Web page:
Story captured by Miriam Hird-Younger, as part of the series "Investing in Youth in Agriculture - Engineers Without Borders Canada (EWB) in Ghana." This Wednesday, this AgEx Venture Leader brings to us the success story of Ruth Quaye, a Ghanaian youth champion who participated in the EWB support Agribusiness and Entrepreneurship Project, building her understanding of how to start and run a business.
An FAO and ILO study in 2009 indicates that 40% of all unemployed worldwide are between the ages of 15 and 24. At Ghana’s agricultural colleges, graduates used to be guaranteed jobs with the Ministry of Food and Agriculture as Extension Agents, supporting the country’s farmers. Now, only a small minority are able to access public sector jobs. The rest have to find other means, and it can be discouraging, frustrating and difficult.
The inputs to get started in the civil society or private sectors are not easily accessible. Credit to start a business is hard to get, and interest rates can be unbearable. Higher management jobs often require a degree. Agricultural college graduates are trained in the practical, technical and field level competencies for the agricultural sector. But it’s not obvious how to place yourself in the system to play that role.
Starting a business with 15USD
Ruth Quaye graduated from Ejura Agricultural College in 2012. She had hoped to work for the Ministry of Food and Agriculture when she graduated, but was faced with the situation of many of her fellow youth – employment options were limited and competition was fierce for the jobs that existed. She notes that employment for youth in agriculture is a big problem in Ghana.
During her time at the college, she participated in the EWB support Agribusiness and Entrepreneurship Project, building her understanding of how to start and run a business. The course-based project does not given any funding for students to start their businesses. Instead, students are encouraged to use their own resources to start small and grow their businesses with the profits from initial investments.
Some students start their businesses with as little as 50GHS (15USD).The project doesn’t provide funding for the students’ businesses in order to demonstrate that you don’t need to wait for a thousand dollar loan to start a business, but can use the resources already within their reach and build up from there.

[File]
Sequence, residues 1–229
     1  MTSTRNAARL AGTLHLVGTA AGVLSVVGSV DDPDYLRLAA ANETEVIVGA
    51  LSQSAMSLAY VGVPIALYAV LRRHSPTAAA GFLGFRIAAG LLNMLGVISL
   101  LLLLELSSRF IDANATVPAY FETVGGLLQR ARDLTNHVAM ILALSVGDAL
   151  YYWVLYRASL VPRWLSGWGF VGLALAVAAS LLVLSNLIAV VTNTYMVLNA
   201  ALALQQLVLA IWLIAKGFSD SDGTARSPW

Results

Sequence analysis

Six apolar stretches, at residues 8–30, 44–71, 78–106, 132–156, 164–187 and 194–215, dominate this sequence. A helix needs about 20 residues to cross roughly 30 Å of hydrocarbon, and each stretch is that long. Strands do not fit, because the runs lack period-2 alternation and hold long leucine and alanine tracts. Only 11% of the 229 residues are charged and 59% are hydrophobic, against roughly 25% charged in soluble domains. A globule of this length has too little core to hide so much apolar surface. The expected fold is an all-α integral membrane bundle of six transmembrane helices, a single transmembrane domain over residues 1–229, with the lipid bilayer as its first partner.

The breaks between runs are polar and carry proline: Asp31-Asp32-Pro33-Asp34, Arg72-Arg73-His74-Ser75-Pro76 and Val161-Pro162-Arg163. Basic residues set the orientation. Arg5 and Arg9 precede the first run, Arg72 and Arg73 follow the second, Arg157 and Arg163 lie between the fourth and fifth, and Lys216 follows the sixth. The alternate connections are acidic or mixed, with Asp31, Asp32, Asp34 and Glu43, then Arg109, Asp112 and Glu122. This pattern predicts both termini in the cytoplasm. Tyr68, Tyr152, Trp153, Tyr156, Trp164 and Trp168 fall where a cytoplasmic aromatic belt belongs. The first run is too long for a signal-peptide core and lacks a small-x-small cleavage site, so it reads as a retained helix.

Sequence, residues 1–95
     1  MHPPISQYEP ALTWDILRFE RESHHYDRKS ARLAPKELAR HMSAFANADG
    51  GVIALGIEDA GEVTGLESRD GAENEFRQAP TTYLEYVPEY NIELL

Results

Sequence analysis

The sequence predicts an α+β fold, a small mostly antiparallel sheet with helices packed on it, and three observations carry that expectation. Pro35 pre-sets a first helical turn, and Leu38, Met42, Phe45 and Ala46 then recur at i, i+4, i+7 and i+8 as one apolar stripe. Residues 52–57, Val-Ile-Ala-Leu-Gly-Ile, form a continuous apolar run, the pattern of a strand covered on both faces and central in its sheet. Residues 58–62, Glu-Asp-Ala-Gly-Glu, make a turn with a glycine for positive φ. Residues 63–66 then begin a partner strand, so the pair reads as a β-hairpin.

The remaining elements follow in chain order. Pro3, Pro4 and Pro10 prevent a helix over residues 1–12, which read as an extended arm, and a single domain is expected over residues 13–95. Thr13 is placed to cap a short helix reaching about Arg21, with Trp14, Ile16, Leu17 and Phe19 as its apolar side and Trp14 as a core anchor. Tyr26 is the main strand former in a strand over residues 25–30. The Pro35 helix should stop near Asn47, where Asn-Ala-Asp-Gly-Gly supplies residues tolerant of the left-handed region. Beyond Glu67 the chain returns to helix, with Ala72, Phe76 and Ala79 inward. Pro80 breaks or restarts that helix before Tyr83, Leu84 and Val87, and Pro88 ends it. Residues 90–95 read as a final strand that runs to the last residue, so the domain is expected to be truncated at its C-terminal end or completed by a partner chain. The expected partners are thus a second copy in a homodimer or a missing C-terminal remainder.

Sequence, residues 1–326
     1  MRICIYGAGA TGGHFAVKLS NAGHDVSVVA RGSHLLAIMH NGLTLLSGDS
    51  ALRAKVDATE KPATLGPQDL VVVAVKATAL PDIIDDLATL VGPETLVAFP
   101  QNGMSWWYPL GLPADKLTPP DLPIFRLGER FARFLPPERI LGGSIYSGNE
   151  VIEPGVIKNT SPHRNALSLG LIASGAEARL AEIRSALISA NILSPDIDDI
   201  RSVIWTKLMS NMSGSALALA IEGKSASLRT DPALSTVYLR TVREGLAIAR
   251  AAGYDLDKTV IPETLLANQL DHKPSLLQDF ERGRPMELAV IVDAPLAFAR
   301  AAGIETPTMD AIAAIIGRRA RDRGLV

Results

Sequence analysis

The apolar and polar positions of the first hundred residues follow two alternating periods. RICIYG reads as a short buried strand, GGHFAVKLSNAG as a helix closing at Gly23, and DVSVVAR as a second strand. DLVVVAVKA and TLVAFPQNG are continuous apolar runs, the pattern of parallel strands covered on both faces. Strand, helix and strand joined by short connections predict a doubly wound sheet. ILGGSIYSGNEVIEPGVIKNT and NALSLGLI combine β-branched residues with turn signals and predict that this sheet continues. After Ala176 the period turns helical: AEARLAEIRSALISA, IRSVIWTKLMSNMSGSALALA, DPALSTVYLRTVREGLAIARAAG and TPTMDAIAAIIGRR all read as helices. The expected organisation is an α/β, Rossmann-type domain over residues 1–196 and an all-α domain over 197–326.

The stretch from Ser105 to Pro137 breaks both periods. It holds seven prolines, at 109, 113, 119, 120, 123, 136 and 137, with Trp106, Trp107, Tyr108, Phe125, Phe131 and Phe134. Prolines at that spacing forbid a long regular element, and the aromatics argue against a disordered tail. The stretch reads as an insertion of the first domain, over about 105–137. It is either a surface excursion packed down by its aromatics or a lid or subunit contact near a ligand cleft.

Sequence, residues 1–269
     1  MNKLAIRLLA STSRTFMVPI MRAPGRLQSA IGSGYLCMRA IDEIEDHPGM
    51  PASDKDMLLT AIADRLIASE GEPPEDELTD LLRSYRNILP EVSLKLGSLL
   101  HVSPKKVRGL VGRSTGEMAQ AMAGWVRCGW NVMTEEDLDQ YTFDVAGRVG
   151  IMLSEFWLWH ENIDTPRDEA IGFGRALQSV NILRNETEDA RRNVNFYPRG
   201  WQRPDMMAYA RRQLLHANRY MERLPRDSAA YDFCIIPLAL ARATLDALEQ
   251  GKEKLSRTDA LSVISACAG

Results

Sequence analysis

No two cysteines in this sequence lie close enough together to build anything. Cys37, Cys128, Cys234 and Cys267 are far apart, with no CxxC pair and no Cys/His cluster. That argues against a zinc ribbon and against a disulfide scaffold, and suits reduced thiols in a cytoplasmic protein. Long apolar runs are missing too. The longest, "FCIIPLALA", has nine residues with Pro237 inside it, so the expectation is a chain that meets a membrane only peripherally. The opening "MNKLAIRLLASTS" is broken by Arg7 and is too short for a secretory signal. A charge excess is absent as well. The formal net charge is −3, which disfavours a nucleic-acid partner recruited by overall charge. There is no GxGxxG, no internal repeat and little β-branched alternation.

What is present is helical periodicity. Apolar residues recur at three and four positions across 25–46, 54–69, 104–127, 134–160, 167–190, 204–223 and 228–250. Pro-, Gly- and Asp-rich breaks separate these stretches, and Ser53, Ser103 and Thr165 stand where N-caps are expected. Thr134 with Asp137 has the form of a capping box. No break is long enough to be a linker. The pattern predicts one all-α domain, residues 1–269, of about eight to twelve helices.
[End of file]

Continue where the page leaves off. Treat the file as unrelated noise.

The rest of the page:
A first attempt
Ruth’s student group developed a quality and hygienically packaged shito (a popular Ghanaian fish, cooked with pepper and tomato sauce). They sold the product at the popular weekly market in Ejura, where consumers and sellers from all nearby communities came to do business.
Ruth reflects on her first attempt at business: “Before the project I was not having knowledge on marketing and how to do something on our own. Through the project I learned that I can do something on my own without depending on others.” She noted that it was not an easy process. She had a lot to learn about how to get customers and had challenges growing the business.
Create your own opportunities
Ruth now works in a private agribusiness that distributes agricultural inputs and products, such as fertilizer and pesticides, acting as the company`s agronomist. This young Ghanaian is still interested in also having her own business, but finds it challenging to start. With capital scarce in the system, it is especially hard for youth to access start-up capital.
Although getting started in agriculture as a young person in Ghana can seem daunting and discouraging, with capital hard to access and a lot to learn about business marketing, the private sector in agriculture is constantly growing in Ghana and opportunities abound.
Youth can seek out employment in agribusinesses like Ruth has done, or start their own. If youth are able to start small, to look at what is already within their reach, they can begin to create their own opportunities rather than waiting for opportunities to come to them.
Click here to watch Ruth Quaye's feedback on her understanding of how to start and run a business.